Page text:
I decided that today was just too damned nice to sit indoors. I started my day off at Starbucks then hit the back roads of Tennessee. I was on the hunt for abandoned places and then some in hopes to add to my Forgotten Tennessee travels. I drove down US Hwy 99 and hit Eagleville. From there I traveled down a road at random until I hit Hwy 31. Turning left onto 31 I spied an oldish cemetery that had a large stone fence and an entrance with a bronze legend upon it. I hopped out of my car crossed a road and began to shoot.
As I wandered between the rows of graves stones I purposefully looked for the oldest stones. I didn’t have to look far. Old? No some of these were ancient. Some were so old that their faces were worn smooth and had little if any markings upon them. These oldest grave markers had a strange patina. They looked rusted. Yes, rusted. Later I may post some of the stones in color. But for now I feel Black and White is best. Finishing up my shoot I headed back to the car. I stopped at the entrance and read that the cemetery was a family plot belonging to a family named Riggs. the entire area had been founded on Rigg’s original land of about a 1000 acres.
I drove about 1/8 of a mile and came drove by a roadside general store/garage. I pulled over ran began to shoot the place. I aimed my camera at the sign hanging from a light pole which read Riggsby Bros Garage and Grocery. I had to wonder if there was a relation? Likely there was. I fell in love with this location. I’ve no idea how long it’d been closed down, or if perhaps the grocery was still open. From the sun washed and blistered state of the paint and the wood of the garage door and the style of the signage I guessed the place had gone under more than two decades ago. I spent about 45 mins shooting around and getting a feel of the place. As I said, I loved it.
I hope you the reader enjoy these shots of Allisonia, TN Unincorporated as much as I enjoyed shooting them. As always if you’d like to purchase a print in this story or in any of my other stories contact me at email@example.com be sure to check out my Easy shop for prints as well https://www.etsy.com/shop/ForgottenTennessee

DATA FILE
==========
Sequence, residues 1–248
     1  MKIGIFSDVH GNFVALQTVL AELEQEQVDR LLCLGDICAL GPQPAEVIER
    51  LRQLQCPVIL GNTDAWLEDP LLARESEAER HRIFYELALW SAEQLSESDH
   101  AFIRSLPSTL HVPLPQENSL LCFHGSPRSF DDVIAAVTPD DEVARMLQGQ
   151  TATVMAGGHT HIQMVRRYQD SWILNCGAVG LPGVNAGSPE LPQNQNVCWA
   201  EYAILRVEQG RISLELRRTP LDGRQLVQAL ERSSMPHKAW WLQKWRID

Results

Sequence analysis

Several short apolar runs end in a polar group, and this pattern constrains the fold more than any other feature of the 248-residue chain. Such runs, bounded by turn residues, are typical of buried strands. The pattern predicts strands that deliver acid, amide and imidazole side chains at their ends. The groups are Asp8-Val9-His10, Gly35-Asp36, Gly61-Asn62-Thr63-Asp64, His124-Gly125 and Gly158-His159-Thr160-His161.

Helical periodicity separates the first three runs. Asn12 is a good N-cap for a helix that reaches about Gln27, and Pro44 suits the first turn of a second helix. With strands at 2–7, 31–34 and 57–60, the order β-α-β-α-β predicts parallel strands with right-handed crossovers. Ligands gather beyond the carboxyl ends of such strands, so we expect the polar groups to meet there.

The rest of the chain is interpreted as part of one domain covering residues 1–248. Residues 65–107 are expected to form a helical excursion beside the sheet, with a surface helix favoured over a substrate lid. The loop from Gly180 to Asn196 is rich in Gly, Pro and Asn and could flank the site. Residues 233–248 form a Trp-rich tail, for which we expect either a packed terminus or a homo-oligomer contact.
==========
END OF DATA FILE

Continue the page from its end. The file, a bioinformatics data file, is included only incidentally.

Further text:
When I shoot I’m not necessarily looking to make a pretty picture. No. Rather I want my work to invoke wonder. I want my work to tell you a story. I want my work to fire up the imagination of the viewer to write their own storyline when looking at my work.
What is TFP? TFP stands for Trade for Print. Originally it was a model & photographer and sometimes others coming together to help one another build portfolios and or an Artistic Vision. Today it’s become code for I don’t pay. Which is great if you can do it and if you can deal with the drawbacks.
What drawbacks am I talking about? First off there is the Flake. This is the person(s) who either cancels the night before a shoot, the day of or even worse just never shows up. Unless there is an injury or a death involved this is pretty much a fast track to getting black balled.
The value of the trade may not be the same for all. This happens when a Photographer shoots a model and initially everybody is totally psyched about the shoot and are itching to see a final product! Then the photographer falls off the face of the earth. It happens. Why? Perhaps the cause is that TFP has to take a backseat in to paid work. Maybe the photographer is really slow at post? Perhaps he/she is trying to find a publication that will pick up the shoot? Or perhaps because there is no monetary incentive and though the shoot went well it’s not going to add their portfolio and they’ve decided to catch up on a favorite tv series.
The bait and switch. What is this? It’s when a model who either does not wish to pay or can’t pay does a TFP shoot then later finds their photos have been sold by a photographer to a Stock Photo company. Is this legal? Depending on the Model Release signed you bet it is. It may not be the most moral thing in the world to do, but the model got a free shoot and photos and the photographer can stay in business.
The Casting Couch… yeah, ’nuff said?
What’s the best way to avoid these traps? Do your research. This goes for everyone. Pay. Yes, pay for your shoot. It gives you more control of the shoot. Especially if the shoot is being used to get bring you money. Demand a receipt and make sure there is a contract outlining what the shoot will entail and what happens with the finished work.
Questions or comments? Feel free to contact me below